The anvil (6) is attached at the point where the side rails (5) meet the side plates (4) and is used to establish a stop for the head plate (2) as it reaches it upright position.
A bolt (19) passes through two holes (20) in the side plates (4) to form a base pivot for the activator piston (21) which, in the embodiment illustrated, is a commercially available, double acting, pneumatic piston. Two spacers (22) are used to hold the activator piston (21) base in a position which is centered between the two side plates (4). The upper end of the activator piston (21) attaches to the tang (39) by means of the rod clevis (23) and the clevis pin (24).
Mounted to one side plate (4) between the activator piston (21) and the front shield (1) is the knock-down sensor switch (25). This switch is a commercially available, 4-way air valve which is activated by a push-button (26).
Two large holes (17) are located in the side rails (5) through which the pivot pin (27) passes. Fabricated from round steel rod, this pin has grooves machined in each end to allow attachment of retaining clips (28) which hold it in place. The pivot pin (27) acts as an axle around which the pivot tube (29) can turn. This tube is a section of round steel tubing onto which the head plate support (30) is welded. Also welded to the head plate support (30) is the tang (39).
The head plate (2) is welded to the head plate support (30). Welded to both the head plate support (30) and the bottom of the head plate (2) is the plate leg (31) which stabilizes the head plate (2) when it is in the vertical position. The plate leg (31) also acts as a stop device when it strikes the anvil (6).
The shroud (32) is attached to the base by means of bolts (33) passing through holes (40) in the mounting brackets (34) and in the side plates (4). The return splatter guard (35), which is preferably fabricated from round steel rod, is welded to the front edge of the shroud (32).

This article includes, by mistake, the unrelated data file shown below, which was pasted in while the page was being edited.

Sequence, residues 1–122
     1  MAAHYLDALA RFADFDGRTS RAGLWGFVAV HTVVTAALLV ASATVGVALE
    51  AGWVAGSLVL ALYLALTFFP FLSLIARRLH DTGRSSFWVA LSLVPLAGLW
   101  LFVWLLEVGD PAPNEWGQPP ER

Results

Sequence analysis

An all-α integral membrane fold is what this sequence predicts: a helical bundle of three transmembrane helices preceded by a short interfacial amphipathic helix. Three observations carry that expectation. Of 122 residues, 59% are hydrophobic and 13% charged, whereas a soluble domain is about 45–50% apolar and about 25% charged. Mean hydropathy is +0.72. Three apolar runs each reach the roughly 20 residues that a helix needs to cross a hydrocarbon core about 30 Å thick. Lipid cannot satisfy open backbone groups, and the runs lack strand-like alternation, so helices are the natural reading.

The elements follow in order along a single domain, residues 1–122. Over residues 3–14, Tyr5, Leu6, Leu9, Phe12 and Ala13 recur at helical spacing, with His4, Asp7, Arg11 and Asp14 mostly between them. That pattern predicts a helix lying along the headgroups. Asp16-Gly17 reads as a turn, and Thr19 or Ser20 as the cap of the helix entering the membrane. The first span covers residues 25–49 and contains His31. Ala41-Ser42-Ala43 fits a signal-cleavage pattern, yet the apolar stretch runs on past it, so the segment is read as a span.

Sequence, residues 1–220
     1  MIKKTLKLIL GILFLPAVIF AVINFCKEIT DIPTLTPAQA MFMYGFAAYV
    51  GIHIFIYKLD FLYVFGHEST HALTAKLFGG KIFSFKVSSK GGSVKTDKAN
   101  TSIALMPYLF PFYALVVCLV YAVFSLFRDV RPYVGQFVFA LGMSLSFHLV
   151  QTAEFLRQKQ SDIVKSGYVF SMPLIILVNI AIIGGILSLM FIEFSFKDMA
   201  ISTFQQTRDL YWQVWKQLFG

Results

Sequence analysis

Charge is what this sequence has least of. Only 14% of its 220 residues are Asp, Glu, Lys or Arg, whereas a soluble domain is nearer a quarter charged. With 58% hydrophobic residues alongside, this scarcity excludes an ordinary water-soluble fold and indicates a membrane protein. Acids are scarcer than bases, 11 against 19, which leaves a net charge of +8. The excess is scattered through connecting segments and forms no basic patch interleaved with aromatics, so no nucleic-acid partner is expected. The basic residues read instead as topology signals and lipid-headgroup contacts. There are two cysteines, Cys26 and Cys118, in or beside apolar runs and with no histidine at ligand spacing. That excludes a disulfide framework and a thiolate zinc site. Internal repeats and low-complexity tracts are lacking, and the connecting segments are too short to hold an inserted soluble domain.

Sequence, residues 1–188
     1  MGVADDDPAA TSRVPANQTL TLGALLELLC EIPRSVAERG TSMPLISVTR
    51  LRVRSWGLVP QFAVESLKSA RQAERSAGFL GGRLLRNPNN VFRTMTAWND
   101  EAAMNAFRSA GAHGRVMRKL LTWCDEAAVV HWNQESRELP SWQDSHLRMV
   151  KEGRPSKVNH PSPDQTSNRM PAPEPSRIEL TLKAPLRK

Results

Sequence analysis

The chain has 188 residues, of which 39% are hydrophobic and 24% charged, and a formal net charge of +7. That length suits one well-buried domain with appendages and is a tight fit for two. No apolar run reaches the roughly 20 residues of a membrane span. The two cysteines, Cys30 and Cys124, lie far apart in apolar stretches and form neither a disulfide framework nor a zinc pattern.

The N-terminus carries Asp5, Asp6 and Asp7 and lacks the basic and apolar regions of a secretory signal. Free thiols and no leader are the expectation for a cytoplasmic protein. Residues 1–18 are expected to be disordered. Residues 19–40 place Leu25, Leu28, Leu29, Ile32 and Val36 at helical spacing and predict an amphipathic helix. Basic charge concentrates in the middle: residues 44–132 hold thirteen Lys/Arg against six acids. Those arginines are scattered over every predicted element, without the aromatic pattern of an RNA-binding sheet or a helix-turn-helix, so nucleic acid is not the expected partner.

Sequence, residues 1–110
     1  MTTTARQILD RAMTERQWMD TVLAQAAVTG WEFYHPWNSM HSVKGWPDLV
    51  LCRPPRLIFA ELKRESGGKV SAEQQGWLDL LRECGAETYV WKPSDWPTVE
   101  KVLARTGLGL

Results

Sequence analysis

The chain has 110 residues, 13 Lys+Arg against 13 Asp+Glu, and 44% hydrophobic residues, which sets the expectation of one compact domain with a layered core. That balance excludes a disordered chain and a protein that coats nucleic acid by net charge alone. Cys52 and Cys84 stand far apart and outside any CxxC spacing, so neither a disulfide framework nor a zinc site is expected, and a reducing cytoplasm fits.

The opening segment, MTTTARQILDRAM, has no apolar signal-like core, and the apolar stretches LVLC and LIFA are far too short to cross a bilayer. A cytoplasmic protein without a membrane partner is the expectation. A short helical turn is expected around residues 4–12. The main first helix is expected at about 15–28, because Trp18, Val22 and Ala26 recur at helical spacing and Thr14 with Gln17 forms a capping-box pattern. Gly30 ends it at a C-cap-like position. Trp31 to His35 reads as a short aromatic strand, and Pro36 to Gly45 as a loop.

The operation of the preferred embodiment of this present invention is basically as follows: first, the mounting foot (3) is optionally attached to a solid surface. The front shield (1) is designed to have a facade attached to prevent bullet splatter and to provide additional protection to the embodiment. Specifically, the bullet passes through the soft facade and strikes the front shield (1). Upon impact, the bullet mushrooms against the steel surface and is safely captured in the facade rather than being allowed to splatter back toward the shooter. The facade, which in the preferred embodiment is constructed of wood, can advantageously be easily and economically replaced as needed.
Power is provided to the system by means of one or more air supply hoses (not shown) which enter through a conduit access hole (11) or (12). These hoses may connect directly to the activator piston (21) if desired. Or, switching of the air supply may be accomplished by the electric valve (16), the knock-down sensor switch (25), or other external devices which are not part of this present invention.
If the air flow is directed to extend the activator piston (21), the head plate (2) (which is the "target") will be lifted to the vertical position. Then, once the air pressure has been removed, the head plate (2) will be free to be knocked down by a bullet. As an option, the air flow may also be directed to retract the activator piston (21). This will cause the head plate (2) to fall down and out of view of the shooter.